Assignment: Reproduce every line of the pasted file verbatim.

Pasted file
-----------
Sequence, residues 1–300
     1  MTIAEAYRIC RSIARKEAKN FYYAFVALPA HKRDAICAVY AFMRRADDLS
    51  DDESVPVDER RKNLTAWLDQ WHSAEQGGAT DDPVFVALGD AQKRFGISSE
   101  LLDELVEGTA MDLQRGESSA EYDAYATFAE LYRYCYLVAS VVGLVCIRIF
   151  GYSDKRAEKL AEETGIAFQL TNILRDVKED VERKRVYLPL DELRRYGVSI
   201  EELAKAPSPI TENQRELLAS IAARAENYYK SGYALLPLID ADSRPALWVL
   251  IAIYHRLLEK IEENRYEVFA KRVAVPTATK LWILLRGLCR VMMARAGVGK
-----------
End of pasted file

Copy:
Sequence, residues 1–300
     1  MTIAEAYRIC RSIARKEAKN FYYAFVALPA HKRDAICAVY AFMRRADDLS
    51  DDESVPVDER RKNLTAWLDQ WHSAEQGGAT DDPVFVALGD AQKRFGISSE
   101  LLDELVEGTA MDLQRGESSA EYDAYATFAE LYRYCYLVAS VVGLVCIRIF
   151  GYSDKRAEKL AEETGIAFQL TNILRDVKED VERKRVYLPL DELRRYGVSI
   201  EELAKAPSPI TENQRELLAS IAARAENYYK SGYALLPLID ADSRPALWVL
   251  IAIYHRLLEK IEENRYEVFA KRVAVPTATK LWILLRGLCR VMMARAGVGK